Hello and Goodnight

Photographs by Graham Smillie
Threshold Festival, Arena Gallery
28th – 30th March 2014

Reviewed by Chumki Banerjee


The last weekend in March, unexpectedly evolved into a weekend of re-visitations and re-awakenings which reminded me how much things can change in a few years, while revealing how music transcends time and reinvention, retains its relevance, remains ravishingly reflective of life. Robbed of an hours sleep was perhaps not the best state to face such revelations; especially as an all-nighter beckoned with The Orb and Dave Seaman in head on collision sharing the same night, though not the same space; but more of that in another article. Until then – before things got messy – a gentle start, strolling through town to Graham Smillie’s exhibition of musical photos at Liverpool’s Arena Gallery.


As winter’s clock ticked its last tock, its tale at end with equinox, spring sprang in without a knock, to frolic in new season’s frock.

Usually reluctant to release her tenure, this year Snow Queen gathered up her squalls and slunk, skulking round corner, in temporary abeyance with official order. Wending my way through town, destination Arena Gallery, hibernal veering to vernal, warm winds wafted change through Chinese Gate, along with heady whiff of decomposing dog doo, surreptitious number two’s deposited on the green handkerchief of Great George Square’s, itself subject to number two haircut, hangout for huddle of earnestly engaged adolescents, and their blither, more mirthful miniature versions, pursuing innocent pleasure in miniscule playground at its perimeter, under watchful parenting eye.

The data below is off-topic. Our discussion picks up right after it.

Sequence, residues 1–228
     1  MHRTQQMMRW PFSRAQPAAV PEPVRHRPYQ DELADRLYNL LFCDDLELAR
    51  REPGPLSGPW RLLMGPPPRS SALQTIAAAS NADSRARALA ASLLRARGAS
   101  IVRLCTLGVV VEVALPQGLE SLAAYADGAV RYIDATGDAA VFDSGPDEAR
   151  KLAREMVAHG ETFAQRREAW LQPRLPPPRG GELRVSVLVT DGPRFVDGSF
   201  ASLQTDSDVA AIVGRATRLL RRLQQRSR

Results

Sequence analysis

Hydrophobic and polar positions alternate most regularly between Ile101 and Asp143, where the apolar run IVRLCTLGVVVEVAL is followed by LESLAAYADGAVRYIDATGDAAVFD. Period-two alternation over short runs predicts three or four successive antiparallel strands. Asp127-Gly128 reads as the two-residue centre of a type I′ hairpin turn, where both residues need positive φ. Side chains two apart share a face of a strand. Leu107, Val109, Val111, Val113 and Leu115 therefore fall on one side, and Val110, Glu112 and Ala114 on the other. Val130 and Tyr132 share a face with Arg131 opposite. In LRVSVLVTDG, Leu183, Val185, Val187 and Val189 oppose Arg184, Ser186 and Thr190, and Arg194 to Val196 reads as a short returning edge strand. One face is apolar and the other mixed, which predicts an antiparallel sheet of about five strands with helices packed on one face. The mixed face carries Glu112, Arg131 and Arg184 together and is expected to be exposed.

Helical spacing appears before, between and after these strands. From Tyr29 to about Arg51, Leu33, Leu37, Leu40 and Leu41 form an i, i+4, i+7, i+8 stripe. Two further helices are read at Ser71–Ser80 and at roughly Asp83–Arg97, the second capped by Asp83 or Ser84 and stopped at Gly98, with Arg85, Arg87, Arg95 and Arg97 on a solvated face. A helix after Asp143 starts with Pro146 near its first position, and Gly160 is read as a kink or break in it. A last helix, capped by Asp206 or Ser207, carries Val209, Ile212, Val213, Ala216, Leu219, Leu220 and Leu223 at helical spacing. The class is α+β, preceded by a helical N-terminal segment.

Tacking diagonally towards one of my favourite ‘hidden’ churches, St Vincent’s, on the corner of Upper Frederick Street, I am struck by how previous Bermuda of Baltic Triangle has blossomed, burgeoning into bustling being, along with buds bursting to break into early inflorescence, on those fortunate trees which remain on deflowered James Street.

Sunlight now floods rat runs and corridors of doleful gloom, darkness dispelled, ghosts of the past disintegrated to dust, evicted, exhaled from dank ranks of decaying deterioration, windowless warehouses, carapaces cracked, thrown open to new life, despondency defeated, demolished, disabused of frisson of fear which used to stalk these down at heel streets, shivering in sombre shadows of hammer horror hulks, hollow sockets oozing ectoplasm from every orifice, snaking out to snatch and strangle unwary souls, entangle them in ether for all eternity.

Streets swept definitively clean by new broom, makes it a less challenging pleasure to walk this way, steps no longer slipping on mulch of fallen leaves and unidentifiable greasy gunk, yet inwardly I harbour hint of hankering for dignified dereliction, and rampantly unruly vegetation, which left to its own undisturbed devices, had metamorphosed its own fantastical landscape.